Alfonso Herrera and Mabel Cadena give two stand-out performances in Dance of the 41.
This review of the Netflix film Dance of the 41, also known as El baile de los 41, contains no spoilers — the biographical drama film was released on the streaming service on May 12, 2021.
When Amada (Mabel Cadena) lets her new husband know she can’t play the piano, but has he ever known a woman who can clean, load, and fire a rifle, the message couldn’t be more obvious. She has to lay it on thick because her husband seems incredibly shy. She undresses in front of him, but he chooses now to do a favor for her father. That’s the dance they play. A never-ending one of political tug-and-pull, and no one comes out a winner.
Netflix’s Dance of the 41 is based on the true story of Ignacio de la Torre (Alfonso Herrera), a congressman at the end of the 19th century who married the daughter of the president of Mexico, Porfirio Díaz (Fernando Becerril). He uses Amanda as his beard to lead a double life. One, as a rise to prominence as a political figure. The other, living out a secret life as a gay man during a time that could get you jailed or executed.
The film’s title refers to an illegal raid by the President’s armed guard. A private party where 41 gay men were arrested, with 19 of them dressed as women. These men were berated, humiliated, beaten, and then shipped off to prisons to atone for their sins for being homosexuals. The problem was there were 42, and politics is power, so President Diaz took Ignacio off the list. It’s a story in a long line of atrocities the LGTBQ+ community has suffered for centuries.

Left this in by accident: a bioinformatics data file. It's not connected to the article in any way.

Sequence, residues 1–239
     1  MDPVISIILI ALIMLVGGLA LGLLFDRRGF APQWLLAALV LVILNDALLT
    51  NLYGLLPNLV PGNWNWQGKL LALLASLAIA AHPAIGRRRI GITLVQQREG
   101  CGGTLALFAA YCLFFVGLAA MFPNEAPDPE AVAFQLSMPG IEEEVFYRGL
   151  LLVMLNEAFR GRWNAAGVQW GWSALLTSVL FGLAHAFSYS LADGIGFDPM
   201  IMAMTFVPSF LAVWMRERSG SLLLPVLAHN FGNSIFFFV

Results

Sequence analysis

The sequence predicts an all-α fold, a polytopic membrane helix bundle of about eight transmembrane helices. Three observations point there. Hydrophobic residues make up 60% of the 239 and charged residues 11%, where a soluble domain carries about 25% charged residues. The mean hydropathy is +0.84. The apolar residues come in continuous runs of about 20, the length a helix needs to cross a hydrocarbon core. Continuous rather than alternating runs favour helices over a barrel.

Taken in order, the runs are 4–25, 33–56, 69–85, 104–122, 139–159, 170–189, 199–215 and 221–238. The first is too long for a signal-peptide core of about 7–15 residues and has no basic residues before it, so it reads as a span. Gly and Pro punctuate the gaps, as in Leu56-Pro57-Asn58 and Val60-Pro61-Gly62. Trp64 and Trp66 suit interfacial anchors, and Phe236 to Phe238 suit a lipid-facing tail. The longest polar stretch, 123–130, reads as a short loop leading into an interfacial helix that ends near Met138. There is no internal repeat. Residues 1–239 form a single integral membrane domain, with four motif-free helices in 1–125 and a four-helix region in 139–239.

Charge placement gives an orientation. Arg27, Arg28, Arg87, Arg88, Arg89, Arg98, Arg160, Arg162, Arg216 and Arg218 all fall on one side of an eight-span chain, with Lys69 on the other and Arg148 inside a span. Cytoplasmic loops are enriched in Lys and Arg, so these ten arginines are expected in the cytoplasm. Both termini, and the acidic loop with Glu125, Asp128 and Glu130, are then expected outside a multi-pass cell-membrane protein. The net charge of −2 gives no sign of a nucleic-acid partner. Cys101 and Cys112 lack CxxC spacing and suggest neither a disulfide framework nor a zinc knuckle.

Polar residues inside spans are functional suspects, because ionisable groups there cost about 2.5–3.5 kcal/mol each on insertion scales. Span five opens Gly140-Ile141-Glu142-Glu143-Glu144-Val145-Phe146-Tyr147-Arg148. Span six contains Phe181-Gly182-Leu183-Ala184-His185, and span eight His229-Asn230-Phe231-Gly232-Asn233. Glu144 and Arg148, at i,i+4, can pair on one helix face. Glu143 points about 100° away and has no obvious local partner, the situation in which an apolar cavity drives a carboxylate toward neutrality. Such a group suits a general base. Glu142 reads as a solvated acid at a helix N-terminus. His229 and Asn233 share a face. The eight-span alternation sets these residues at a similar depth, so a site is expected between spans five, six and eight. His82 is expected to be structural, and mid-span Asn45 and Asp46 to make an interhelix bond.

Director David Pablo’s highly fictionalized reimagining displays a fine eye for composition and captures emotions in almost every scene. Not just lust or love, but fear, anxiety, contempt, and hate. The third act in Dance of the 41 is particularly powerful, showing the house of cards that fell on top of the lie Ignacio was living; his wife being the one to knock it over. It’s a beautifully shot film, with expert production, and costume design that takes you to another time and place.
While the film needed a jolt of action in its first two acts, the performances from Hererra and Cadena are first-rate. Hererra’s take on a man who deserves our sympathy for being forced to lead a clandestine life but who also used Amada for political gain is effective. The film’s final scene is devastatingly effective. Cadena’s arc as a woman scorned captures the attitude and intolerance of a religious country’s morals. By the end of the film, she is effectively keeping him hostage and trapped. She’s a political animal as much as her father is. It’s one of the year’s best performances.
They say the incident of the Dance of the 41 “invented” homosexuality, though all it did was shine a light on the issue. Nevertheless, it’s an absorbing study of the two leads—both being trapped by social norms and living miserable, tragic lives for nothing more than biology.